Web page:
In the first chapter of the Orientation of critical theories entitled The Mirror and the Lamp (1953) M. H. Abrams concentrates on four main elements; the universe, the audience, the artist, and the work and relates them to four broad critical theories that explain the nature and worth of art. He explains that almost all theories will make use of at least one of these elements, some all four. That is a critic will derive from one of these terms his principle categories for defining, classifying and analyzing a work of art, as well as the major criteria by which he judges it value. The four critical theories of orientation that Abrams relates them to are mimetic, pragmatic, expressive and objective and I will start by describing mimetic.
Mimetic theories explore art as imitations of the universe. From the days of Plato and beyond mimetic orientations operated with three categories; that of everlasting ideas, that of the natural and artificial world and that of reflections, mirror images, shadows and the fine arts.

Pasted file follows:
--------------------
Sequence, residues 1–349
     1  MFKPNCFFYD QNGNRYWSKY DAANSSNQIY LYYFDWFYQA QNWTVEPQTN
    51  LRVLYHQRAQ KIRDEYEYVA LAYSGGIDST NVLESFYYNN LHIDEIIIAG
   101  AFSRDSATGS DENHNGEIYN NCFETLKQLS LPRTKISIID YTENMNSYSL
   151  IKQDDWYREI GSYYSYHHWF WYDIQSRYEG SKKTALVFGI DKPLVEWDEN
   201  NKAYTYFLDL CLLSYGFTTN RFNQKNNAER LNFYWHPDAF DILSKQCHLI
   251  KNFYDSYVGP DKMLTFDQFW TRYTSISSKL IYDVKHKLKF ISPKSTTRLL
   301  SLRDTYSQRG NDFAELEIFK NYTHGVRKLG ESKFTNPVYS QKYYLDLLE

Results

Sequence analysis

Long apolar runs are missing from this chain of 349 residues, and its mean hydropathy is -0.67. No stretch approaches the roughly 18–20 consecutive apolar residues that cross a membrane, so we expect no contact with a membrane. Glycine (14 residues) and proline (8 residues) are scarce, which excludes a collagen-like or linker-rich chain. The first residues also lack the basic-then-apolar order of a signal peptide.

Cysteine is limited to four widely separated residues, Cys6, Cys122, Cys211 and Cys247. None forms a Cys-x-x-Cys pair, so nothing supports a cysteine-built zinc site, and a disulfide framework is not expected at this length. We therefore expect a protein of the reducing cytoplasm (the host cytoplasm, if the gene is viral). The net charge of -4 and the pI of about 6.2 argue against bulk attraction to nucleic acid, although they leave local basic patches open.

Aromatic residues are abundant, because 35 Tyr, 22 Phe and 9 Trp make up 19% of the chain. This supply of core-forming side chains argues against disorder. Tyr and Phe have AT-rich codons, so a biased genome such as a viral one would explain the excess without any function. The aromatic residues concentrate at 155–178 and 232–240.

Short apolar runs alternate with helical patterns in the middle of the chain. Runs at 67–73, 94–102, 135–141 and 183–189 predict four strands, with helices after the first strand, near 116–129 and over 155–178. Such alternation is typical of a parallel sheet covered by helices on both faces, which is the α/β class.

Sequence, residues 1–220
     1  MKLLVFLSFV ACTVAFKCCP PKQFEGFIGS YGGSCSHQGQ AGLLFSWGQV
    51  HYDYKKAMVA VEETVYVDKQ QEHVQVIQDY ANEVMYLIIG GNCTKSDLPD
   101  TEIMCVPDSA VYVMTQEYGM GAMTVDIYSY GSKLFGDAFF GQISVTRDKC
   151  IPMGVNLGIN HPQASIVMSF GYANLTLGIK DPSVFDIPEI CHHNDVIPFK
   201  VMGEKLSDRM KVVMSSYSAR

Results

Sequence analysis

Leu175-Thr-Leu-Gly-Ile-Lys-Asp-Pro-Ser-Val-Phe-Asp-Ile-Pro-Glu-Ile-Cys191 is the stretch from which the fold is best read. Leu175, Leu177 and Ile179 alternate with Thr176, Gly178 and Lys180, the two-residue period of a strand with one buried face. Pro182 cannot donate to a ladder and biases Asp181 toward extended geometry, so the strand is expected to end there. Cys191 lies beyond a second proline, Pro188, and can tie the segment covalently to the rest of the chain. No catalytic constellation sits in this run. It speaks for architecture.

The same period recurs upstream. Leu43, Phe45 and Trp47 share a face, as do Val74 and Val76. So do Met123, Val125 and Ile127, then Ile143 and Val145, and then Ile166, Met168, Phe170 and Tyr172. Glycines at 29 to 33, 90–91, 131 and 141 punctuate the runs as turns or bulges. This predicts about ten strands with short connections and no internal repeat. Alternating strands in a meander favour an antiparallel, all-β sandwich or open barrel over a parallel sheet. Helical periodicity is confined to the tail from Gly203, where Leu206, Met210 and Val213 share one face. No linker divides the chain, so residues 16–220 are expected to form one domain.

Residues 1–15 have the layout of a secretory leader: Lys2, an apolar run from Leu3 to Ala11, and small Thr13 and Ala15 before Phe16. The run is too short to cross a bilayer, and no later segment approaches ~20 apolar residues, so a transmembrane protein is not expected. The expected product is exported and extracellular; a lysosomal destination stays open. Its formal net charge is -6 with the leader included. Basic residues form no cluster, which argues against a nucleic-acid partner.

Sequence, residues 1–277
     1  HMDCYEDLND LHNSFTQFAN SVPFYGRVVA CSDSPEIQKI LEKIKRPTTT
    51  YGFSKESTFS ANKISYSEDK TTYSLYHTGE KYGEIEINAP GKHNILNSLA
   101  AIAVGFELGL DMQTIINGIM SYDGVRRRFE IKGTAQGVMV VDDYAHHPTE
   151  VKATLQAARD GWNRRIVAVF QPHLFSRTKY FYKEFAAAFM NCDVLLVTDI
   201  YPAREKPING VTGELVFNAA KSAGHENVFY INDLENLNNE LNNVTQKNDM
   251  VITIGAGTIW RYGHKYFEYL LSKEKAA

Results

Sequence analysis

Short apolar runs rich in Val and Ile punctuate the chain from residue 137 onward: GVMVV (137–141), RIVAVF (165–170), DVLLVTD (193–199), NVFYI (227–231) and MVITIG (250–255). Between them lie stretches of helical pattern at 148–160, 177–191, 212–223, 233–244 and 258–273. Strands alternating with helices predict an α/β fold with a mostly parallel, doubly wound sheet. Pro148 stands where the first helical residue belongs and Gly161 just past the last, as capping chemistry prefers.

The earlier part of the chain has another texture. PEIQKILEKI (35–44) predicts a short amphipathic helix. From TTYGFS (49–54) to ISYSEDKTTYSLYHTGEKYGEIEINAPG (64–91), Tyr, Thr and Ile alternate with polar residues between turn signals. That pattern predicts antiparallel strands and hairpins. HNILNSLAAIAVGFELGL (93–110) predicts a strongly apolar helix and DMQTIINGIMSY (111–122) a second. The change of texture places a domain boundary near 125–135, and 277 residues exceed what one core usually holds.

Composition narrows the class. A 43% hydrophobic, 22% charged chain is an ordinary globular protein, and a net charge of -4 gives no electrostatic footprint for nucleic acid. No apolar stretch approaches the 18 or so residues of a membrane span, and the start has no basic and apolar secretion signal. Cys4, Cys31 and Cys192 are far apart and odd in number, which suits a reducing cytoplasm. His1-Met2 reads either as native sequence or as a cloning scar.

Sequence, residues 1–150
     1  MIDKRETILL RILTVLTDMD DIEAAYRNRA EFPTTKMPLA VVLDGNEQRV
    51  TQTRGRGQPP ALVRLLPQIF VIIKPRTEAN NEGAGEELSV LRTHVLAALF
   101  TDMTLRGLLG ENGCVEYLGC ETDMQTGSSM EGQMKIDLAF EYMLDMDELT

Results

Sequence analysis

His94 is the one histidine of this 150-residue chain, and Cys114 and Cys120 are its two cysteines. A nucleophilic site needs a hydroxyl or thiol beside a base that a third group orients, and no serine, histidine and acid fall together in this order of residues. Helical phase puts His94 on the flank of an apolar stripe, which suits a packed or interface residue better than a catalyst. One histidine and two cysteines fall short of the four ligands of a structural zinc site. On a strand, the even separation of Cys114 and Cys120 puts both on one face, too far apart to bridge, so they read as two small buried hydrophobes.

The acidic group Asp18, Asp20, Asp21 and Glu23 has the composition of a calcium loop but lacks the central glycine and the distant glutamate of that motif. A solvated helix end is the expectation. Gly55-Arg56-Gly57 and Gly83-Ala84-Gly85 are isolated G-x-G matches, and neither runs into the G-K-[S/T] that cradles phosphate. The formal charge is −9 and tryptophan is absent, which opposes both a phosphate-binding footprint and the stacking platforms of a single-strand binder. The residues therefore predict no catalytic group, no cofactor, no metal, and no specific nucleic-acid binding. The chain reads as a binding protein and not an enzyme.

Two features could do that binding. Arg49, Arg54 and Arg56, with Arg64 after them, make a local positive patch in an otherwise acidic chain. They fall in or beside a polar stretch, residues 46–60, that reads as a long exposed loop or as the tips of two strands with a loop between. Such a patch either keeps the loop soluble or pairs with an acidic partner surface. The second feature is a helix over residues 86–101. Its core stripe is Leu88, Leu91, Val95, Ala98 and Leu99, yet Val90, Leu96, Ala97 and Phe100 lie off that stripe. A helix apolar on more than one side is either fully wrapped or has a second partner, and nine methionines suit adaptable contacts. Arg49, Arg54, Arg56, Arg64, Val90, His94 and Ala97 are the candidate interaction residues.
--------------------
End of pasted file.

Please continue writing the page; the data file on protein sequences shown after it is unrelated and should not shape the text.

However more recent mimetic theories usually have only two categories, the imitation and the imitable.
In the tenth book of Plato's The Republic, Plato (427-384BC), Socrates and Glaucon discuss the nature of art around the three stage category. Here Socrates makes the point that there are three beds; the essence and idea of the bed, made by God, the bed made by the carpenter and the bed found in a painting, (thus the artist is an imitator). Then Plato
discards the divinely inspired poets' work as a mere imitation of the transitory actual world, stating that the 'creation of poets and artists are copies of copies of ideal reality, they are third hand distortions of the truth, valueless and potentially misleading.'
However, Aristotle's The Poetics, argued that poetry...